Originality and fright-factor had been gutted from the subgenre thanks to countless sequels and their antagonists, who had evolved into cartoon-like anti-heroes. Horror fans tended to root for these caricatures, who were no longer garnering screams, but harvesting cheers.
That is until 1996, when Scream rebooted the slasher genre, in a brilliant deconstruction of the slice-and-dice subject matter. But was Ghostface really that terrifying in a film that almost parodied the slasher?
Rewind one year to the release of a truly terrifying slasher that spent five years in development hell. Through countless rewrites, a multitude of on-board directors and one big legal battle, the follow up to 1989’s Halloween 5: The Revenge of Michael Myers finally saw the light of day.
The Curse of Michael Myers was intended to answer many questions about Myers’ past and counter the ambiguous ending of its predecessor.
It’s also the most panned Halloween film (with Michael Myers) of them all, by fans and critics alike. Not to mention the best sequel in the Halloween franchise.
After the traumatic events of the original Halloween, Tommy Doyle (a young Paul Rudd in his film debut) has spent his entire life as an introvert, researching Myers on his sweet-ass Commodore 64 while waiting for him to return home to Haddonfield.
When Tommy tunes in to a radio show on Devil’s Night, that just so happens to be broadcasting a Michael Myers special, he listens in on a call made by Jamie Lloyd, who tells the shock-jock that her uncle Michael is back and he is coming to get her.
After Tommy’s investigation into the strange call he finds Jamie’s baby, who she had stashed away before meeting her demise, and Tommy takes the infant on as his charge.
The next day, Tommy and Dr. Sam Loomis reunite for the first time in over fifteen years, and they begin to anticipate the Shape’s return.
Meanwhile, Laurie’s adoptive father’s brother John Strode (Bradford English), of Strode Real Estate, has recently moved his family into the old Myers’ house after years of being on the market and being unsuccessful to sell (one wonders why).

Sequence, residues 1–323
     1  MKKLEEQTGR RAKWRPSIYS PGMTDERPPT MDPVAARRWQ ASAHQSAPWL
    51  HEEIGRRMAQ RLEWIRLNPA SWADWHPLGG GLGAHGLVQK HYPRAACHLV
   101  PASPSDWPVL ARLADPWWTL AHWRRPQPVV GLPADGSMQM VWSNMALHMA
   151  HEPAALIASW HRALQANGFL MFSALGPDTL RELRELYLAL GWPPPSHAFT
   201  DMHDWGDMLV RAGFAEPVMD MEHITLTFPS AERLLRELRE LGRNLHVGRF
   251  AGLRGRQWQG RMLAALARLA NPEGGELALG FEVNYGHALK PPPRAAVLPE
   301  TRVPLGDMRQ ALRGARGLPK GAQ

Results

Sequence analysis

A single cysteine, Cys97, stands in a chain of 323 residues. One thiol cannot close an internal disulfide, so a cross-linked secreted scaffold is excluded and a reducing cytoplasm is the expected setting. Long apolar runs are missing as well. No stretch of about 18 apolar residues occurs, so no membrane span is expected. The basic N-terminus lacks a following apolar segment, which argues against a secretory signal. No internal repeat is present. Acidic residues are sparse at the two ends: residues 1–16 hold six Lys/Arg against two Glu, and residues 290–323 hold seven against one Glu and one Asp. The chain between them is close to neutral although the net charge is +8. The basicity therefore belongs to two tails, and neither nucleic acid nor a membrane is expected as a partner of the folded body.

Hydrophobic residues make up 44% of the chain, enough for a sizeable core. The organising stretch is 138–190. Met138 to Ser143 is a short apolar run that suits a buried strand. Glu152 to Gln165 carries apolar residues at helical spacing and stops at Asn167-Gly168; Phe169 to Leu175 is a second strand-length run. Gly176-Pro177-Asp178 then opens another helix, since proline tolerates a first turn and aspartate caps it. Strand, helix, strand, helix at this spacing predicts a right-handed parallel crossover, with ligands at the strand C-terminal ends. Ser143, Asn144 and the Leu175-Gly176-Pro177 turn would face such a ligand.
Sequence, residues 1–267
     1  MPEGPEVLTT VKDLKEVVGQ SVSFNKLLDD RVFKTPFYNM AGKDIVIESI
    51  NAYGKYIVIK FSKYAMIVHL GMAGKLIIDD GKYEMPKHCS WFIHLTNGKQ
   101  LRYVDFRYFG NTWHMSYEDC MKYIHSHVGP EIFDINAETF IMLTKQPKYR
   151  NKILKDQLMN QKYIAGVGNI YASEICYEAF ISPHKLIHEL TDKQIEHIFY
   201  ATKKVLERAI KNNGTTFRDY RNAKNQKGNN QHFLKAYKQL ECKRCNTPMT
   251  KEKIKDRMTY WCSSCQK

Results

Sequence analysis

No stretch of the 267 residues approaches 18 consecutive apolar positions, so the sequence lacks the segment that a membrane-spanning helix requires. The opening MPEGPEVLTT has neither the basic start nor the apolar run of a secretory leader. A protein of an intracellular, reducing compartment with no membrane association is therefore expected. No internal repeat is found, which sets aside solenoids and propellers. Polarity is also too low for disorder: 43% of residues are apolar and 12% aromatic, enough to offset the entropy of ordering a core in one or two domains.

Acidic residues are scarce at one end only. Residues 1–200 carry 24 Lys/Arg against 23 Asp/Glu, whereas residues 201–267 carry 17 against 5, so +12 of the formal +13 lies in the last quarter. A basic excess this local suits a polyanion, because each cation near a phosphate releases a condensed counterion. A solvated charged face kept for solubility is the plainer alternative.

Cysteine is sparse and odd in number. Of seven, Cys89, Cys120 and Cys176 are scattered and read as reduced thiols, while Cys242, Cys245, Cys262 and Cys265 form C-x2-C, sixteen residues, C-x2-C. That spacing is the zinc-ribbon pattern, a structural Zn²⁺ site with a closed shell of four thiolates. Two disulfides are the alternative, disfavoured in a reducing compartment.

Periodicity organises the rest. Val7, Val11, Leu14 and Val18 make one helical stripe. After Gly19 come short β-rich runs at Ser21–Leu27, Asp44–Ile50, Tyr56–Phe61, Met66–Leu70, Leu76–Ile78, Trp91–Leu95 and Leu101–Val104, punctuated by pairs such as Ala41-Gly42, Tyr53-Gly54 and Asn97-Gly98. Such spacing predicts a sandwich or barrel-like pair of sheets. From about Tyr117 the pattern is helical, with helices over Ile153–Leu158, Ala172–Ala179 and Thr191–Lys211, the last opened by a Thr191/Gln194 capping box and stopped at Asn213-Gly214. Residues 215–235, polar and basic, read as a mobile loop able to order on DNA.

Without giving too much of the plot away, let’s just say there’s a new child contingent on taking on the mantle of the Boogeyman, after a much thought out plan and some information on why Michael is the way he is. But everybody who has viewed Halloween H20: 20 Years Later or Halloween: Resurrection knows how that turns out.
Not only is Curse one of the most forgotten films of the franchise, but it’s also the third film that H20 forgot about by not including the story arc of Jamie Lloyd in each film’s recapitulation (including Halloween 4: The Return of Michael Myers and Halloween 5: The Revenge of Michael Myers).
Sadly, Curse is also Donald Pleasence’s last turn as Dr. Loomis, as the brilliant actor had passed away months before the film’s release, causing filmmakers to alter the ending (a “Producer’s Cut” of Curse has been circulating around the Internet for many years before getting a much approved – by Halloween enthusiasts – “liberation” in the latest box set release).
The film has much going for it including a joke about Michael Myers in space (before Jason Voorhees and the Leprechaun did it), a rock n roll twist on the original score (as if Randy Rhodes laid some licks over top of John Carpenter’s original score), and a throwback to the ridiculous amount of white bed sheets people owned in 1980’s slasher flicks (and happened to wash them all on the same day).
The greatest thing about the death of the slasher film was the booming psychological thrillers that captivated audiences throughout the nineties (The Silence of the Lambs was the first horror film to win an Oscar). But keep in mind that there were still a few worthwhile horror films out there that buoyed the slasher subgenre throughout the grunge era, and most have yet to be seen by the laymen (that is, non-horror fiends) or have been brushed off since first viewing. So take a piece of that Halloween nostalgia everybody feels this time of year, and revisit Halloween: The Curse of Michael Myers. You may come out with a totally different perspective, or just be entertained as much as the first viewing – like me.
~ Mad Matthew McPhee